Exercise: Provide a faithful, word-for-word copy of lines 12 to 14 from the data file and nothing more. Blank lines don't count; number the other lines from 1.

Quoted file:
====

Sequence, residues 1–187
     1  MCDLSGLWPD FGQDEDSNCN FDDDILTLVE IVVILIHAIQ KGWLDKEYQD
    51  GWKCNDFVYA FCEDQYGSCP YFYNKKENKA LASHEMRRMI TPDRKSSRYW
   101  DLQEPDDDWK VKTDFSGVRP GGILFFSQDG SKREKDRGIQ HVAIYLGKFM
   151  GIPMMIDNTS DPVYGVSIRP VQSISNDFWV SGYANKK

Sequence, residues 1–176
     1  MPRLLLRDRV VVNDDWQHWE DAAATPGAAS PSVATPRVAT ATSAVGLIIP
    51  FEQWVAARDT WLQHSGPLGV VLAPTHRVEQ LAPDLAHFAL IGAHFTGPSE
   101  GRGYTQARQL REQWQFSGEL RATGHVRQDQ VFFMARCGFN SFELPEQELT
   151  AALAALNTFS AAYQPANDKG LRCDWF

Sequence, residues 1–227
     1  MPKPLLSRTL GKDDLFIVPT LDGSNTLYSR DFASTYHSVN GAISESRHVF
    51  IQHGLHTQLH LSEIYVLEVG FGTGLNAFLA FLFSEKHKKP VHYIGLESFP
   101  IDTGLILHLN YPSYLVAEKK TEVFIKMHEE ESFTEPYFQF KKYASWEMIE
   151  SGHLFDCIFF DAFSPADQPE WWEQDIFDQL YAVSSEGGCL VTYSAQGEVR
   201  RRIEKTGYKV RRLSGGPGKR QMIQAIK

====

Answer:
     1  MPKPLLSRTL GKDDLFIVPT LDGSNTLYSR DFASTYHSVN GAISESRHVF
    51  IQHGLHTQLH LSEIYVLEVG FGTGLNAFLA FLFSEKHKKP VHYIGLESFP
   101  IDTGLILHLN YPSYLVAEKK TEVFIKMHEE ESFTEPYFQF KKYASWEMIE